The Black Banners: 911 and the War Against Al-Qaeda by Ali H. Soufan & Daniel Freedman

The Black Banners: 911 and the War Against Al-Qaeda by Ali H. Soufan & Daniel Freedman

Author:Ali H. Soufan & Daniel Freedman
Language: eng
Format: mobi
Tags: Non-Fiction: History
ISBN: 9780393079425
Publisher: W. W. Norton & Company
Published: 2011-09-01T00:00:00+00:00

It inspires horror in the harbor and in the open sea.

She sails into the waves

Flanked by arrogance, haughtiness and false power.

To her doom she moves slowly

A dinghy awaits her, riding the waves.

In June 2001, Hamdan and Nashiri were sitting together in a guesthouse in Kandahar, and their conversation turned to the Cole. Nashiri, laughing, told Hamdan that while transporting the boat to be used for the operation, he had been stopped by a Yemeni policeman, who had asked to see the requisite papers for the craft. He didn’t have any papers, so instead he had convinced the officer to turn a blind eye to the incident with “qat money.” How easy it was to bribe a policeman in Yemen, Nashiri thought to himself, flushed with this success.

Hamdan was struck by how Nashiri gloried in his own role in the operation, failing to credit even Khamiri and Nibras, who were heavily involved in the planning and, of course, had lost their lives. This especially upset Hamdan, as the men had been friends of his. He and Khamiri had fought together in the front lines against the Northern Alliance. Nibras had been a witness at his wedding in Yemen. It was the last time Hamdan had seen him.

After the 2001 invasion of Afghanistan, an office used by al-Qaeda’s military committee was raided. One of the documents found, in a plastic sleeve, was Hasan al-Khamiri’s martyrdom letter. It was his farewell to his brothers. In the letter he spoke about jihad and al-Qaeda, and said his good-byes. On the side of the letter were doodles, with flowers on them.

September 9, 2001. After a long day working in Sanaa, George, Bob, and I were preparing to head to sleep in the room we were sharing in the Sheraton Hotel when the news came through that Ahmed Shah Massoud, the leader of the Northern Alliance, had been assassinated.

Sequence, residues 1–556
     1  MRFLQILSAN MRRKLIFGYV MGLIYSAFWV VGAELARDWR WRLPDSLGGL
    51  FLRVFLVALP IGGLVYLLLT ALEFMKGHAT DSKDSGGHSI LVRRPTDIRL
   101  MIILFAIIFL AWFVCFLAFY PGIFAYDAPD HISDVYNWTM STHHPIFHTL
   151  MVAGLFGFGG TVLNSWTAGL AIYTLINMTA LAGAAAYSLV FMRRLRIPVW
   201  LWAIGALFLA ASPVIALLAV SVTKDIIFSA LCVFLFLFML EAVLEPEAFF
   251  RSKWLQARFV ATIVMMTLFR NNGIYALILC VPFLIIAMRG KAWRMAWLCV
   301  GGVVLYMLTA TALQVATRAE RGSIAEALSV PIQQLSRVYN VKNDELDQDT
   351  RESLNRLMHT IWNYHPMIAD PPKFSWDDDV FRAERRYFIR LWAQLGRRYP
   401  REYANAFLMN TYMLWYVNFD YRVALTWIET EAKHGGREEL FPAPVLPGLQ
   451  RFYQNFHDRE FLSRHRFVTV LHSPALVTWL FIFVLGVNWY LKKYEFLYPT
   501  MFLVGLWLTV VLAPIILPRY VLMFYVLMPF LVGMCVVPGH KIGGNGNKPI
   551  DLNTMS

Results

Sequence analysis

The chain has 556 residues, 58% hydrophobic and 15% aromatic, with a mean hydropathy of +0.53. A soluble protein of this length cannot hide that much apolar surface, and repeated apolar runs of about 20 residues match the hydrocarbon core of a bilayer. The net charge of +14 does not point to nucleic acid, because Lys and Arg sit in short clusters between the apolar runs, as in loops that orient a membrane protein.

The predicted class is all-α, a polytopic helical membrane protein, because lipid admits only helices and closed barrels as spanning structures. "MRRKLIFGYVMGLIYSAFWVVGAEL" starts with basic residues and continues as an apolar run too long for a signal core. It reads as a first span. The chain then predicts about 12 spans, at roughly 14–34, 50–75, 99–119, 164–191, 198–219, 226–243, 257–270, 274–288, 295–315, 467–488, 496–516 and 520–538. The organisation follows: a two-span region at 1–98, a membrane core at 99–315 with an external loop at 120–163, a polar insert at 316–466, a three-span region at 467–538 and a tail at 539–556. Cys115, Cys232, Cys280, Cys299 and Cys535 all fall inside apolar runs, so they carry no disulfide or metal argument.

Two men claiming to be Belgian journalists of Moroccan origin had met with him for an interview and had blown up their camera’s battery pack, which was filled with explosives, killing him. We later learned that their letter of introduction had been forged by Zawahiri and that they were Tunisian members of al-Qaeda.

Massoud was a committed Muslim and had been endorsed by many Islamic leaders, including Abdullah Azzam, who declared, after meeting him, “I have seen the true Islamic jihad, and it is Massoud.” But he opposed the Taliban and al-Qaeda, seeking a moderate alternative.

Massoud was a national hero, and his death meant the splintering of the Northern Alliance. His reputation and charisma were instrumental in keeping his group united, and he was one of the few unifying figures who could command the respect of most of the country.

I confided to George and Bob my fear that the assassination was not strictly about Massoud and the Taliban; that it was an action with wider meaning and resonance. “This is bigger. Al-Qaeda is trying to do something huge, and needs the Taliban’s support—so they killed Massoud, something the Taliban would be forever grateful for.


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